21 Plasma Urea Urea is the major nitrogen-containing metabolic product of protein catabolism in humans, Its elimination in the urine represents the major route for nitrogen excretion. More than 90% of urea is excreted through the kidneys, with losses through the GIT and skin Urea is filtered freely by the glomeruli Urea production is increased by a high protein intake and it is decreased in patients with a low protein intake or in patients with liver disease.

22 Plasma Urea Many renal diseases with various glomerular, tubular, interstitial or vascular damage can cause an increase in plasma urea concentration. The reference interval for serum BUN of healthy adults is 5-39 mg/dl. Plasma concentrations also tend to be slightly higher in males than females. High protein diet causes significant increases in plasma urea concentrations and urinary excretion.

23 Measurement of plasma creatinine provides a more accurate assessment than urea because there are many factors that affect urea level. Nonrenal factors can affect the urea level (normal adults is level 5-39 mg/dl) like: Mild dehydration, high protein diet, increased protein catabolism, muscle wasting as in starvation, reabsorption of blood proteins after a GIT haemorrhage, treatment with cortisol or its synthetic analogous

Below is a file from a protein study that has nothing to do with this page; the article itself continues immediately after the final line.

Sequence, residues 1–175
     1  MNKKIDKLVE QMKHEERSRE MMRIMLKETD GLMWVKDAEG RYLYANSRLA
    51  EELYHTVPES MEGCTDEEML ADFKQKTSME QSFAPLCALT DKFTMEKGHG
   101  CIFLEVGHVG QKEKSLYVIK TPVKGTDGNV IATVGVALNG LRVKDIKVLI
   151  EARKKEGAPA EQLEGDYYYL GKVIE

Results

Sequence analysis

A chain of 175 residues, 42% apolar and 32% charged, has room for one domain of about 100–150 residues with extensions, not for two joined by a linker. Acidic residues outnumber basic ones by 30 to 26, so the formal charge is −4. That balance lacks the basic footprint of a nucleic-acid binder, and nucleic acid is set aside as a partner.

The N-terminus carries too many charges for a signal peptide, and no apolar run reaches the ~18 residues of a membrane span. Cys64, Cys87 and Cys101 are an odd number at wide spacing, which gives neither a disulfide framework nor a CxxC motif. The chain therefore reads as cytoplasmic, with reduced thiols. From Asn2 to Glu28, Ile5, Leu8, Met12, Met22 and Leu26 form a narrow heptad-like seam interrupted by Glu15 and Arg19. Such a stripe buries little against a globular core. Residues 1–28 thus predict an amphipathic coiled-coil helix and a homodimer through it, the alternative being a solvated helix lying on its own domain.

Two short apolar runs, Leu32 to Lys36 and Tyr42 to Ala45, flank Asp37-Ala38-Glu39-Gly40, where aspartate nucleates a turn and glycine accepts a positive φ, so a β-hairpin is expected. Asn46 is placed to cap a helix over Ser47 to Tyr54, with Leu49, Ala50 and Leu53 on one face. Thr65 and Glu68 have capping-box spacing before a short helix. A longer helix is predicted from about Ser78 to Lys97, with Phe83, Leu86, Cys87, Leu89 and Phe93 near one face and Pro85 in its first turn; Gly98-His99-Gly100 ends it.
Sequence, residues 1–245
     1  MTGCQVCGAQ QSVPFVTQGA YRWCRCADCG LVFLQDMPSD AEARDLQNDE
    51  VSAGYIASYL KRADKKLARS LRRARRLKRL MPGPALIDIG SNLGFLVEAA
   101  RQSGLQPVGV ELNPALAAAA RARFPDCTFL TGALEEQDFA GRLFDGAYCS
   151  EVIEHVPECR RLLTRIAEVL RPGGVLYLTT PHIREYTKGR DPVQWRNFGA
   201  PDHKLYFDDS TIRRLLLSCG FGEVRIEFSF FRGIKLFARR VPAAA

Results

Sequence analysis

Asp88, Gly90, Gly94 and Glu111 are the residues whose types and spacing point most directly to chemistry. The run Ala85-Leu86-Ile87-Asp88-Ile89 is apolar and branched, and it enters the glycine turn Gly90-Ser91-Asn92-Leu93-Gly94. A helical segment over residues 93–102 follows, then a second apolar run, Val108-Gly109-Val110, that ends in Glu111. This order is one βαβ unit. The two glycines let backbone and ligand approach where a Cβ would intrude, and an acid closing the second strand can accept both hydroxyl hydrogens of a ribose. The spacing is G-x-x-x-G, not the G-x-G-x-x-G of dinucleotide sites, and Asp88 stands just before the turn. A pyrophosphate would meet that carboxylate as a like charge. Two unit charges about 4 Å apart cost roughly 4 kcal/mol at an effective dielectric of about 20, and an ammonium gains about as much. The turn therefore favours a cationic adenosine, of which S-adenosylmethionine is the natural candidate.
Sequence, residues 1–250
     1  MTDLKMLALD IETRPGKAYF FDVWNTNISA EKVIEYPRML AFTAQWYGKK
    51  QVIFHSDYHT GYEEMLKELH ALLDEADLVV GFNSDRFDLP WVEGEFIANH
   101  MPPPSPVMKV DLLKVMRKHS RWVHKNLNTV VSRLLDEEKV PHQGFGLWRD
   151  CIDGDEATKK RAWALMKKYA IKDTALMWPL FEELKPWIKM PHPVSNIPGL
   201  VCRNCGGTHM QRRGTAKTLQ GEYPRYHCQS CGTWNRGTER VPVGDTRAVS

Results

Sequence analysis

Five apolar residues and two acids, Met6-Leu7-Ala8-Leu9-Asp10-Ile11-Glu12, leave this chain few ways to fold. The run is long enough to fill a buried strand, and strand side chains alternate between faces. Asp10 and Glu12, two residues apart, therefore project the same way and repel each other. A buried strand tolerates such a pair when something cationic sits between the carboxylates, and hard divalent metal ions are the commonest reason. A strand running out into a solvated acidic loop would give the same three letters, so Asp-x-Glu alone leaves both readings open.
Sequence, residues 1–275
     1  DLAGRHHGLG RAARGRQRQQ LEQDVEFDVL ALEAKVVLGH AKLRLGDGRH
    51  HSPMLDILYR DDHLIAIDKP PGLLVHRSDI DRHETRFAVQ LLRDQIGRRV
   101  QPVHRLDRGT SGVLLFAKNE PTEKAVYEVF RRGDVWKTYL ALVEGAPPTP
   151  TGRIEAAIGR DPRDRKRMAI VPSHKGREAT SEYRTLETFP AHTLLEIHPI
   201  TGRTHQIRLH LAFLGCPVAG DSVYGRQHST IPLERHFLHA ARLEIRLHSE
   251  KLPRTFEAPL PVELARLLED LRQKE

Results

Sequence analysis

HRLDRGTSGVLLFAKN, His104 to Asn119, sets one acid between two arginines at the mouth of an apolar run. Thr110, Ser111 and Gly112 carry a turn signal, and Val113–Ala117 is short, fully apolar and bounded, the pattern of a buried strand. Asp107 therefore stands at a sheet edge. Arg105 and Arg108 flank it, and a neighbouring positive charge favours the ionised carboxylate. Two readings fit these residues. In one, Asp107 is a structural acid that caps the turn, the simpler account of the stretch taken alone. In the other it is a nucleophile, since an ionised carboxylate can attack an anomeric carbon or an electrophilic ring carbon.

24 Urinalysis Appearance - blood, colour, turbidity.
Specific gravity - sticks measure ionic particles only, not glucose. pH - normally acidic, except after a meal. Glucose - the presence of glucose in urine may indicate increased blood glucose, or tubular disorder. Proteinuria - the presence of protein in the urine may be caused by glomerular leak, raised serum low-molecular weight proteins, Bence Jones' proteins, myoglobulin, or protein of renal origin. Microscopy - urinary tract infection will show polymorphs with no casts; acute glomerulonephritis will show cells and casts; chronic glomerulonephritis shows little sediment.